Mind The Gap – Overcoming the “Management Gap”

By | April 5, 2013

screamHave you ever had to sit down and explain to management the hows/whys starting from the very very basics of how a technology works? To the point you just want to scream?

It can be a frustrating, time-consuming, seemingly non-productive experience which can be compounded even more the bigger the knowledge gap (or “management gap” as I am calling it).

In the web world (and even the I.T. world) we casually throw out tech terms. REST, Ajax, MVC, etc. And that makes sense to each other, but how do you even approach this with management or peers who have no concept of the fundamentals, but who are the decision makers?

I know of many people in the field that suggest just forgetting it and look for another job. And, I get that. Maybe you don’t have the desire to address the problem and it definitely is the easier way through.

But, what can you do if you DO want to attempt to make it better?

Here are some strategies I’ve found. If you have some to add please share in the comments as well.

Patience
In I.T. we deal with this one all the time. On twitter recently someone tweeted about developers: “You might know a lot, but you don’t know everything”. My addition to this is if  our minds are so great why can’t we keep our own emotions in check enough to just have some patience? If we can’t do that then maybe we aren’t as great as we think we are.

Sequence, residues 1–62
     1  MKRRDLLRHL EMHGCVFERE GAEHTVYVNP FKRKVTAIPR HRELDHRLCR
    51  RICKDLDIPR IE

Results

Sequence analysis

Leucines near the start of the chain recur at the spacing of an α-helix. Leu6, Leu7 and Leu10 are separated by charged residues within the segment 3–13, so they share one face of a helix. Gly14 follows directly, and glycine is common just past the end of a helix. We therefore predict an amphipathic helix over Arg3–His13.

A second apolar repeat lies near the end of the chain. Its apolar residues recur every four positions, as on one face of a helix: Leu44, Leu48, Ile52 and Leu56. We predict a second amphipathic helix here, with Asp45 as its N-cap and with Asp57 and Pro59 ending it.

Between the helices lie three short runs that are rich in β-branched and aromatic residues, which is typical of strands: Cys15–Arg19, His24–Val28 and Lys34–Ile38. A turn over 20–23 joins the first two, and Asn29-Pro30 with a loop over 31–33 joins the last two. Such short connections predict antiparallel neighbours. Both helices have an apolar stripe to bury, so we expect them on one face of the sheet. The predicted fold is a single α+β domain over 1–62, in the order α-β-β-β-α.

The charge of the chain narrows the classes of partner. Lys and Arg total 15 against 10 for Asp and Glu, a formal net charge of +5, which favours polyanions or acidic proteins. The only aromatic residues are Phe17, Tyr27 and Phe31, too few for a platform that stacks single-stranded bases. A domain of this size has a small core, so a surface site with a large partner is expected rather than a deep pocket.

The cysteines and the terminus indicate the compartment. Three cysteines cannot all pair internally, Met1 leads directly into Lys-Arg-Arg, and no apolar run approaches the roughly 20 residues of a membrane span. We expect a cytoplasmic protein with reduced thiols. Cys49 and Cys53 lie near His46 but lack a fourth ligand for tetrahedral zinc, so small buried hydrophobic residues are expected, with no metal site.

Admittedly I have been guilty of this many times. I have lost my cool and felt that superiority before, but I’m aware and trying to work on it. It takes time.

Don’t Talk Down
This is a hard one too. Talk to them with compassion and give them some dignity. It will go a long way in fostering your working relationship.

Guide Them
It might be all you can do not to pull your hair out and want to run to your office and tune everyone out. Problem is you are still all in it together and the problem will just get worse rather than better.

Instead offer to have them sit down with you for a step-by-step. Offer some training. Point is if you not at least attempting to inform then you’re really not doing anything to help the problem either.

Share Their Frustration
Technology can be difficult and it’s changing constantly. Relate your experiences. Remember what it was like when somebody helped you when you were new. It might give you a little more compassion and will definitely make dealing with them better.

There is no silver bullet and I do believe there are some gaps that are too great, especially if they are unwilling or there are roadblocks such as time or just plain ability.

All I can say is give it a shot and maybe things will get better.

Share and Enjoy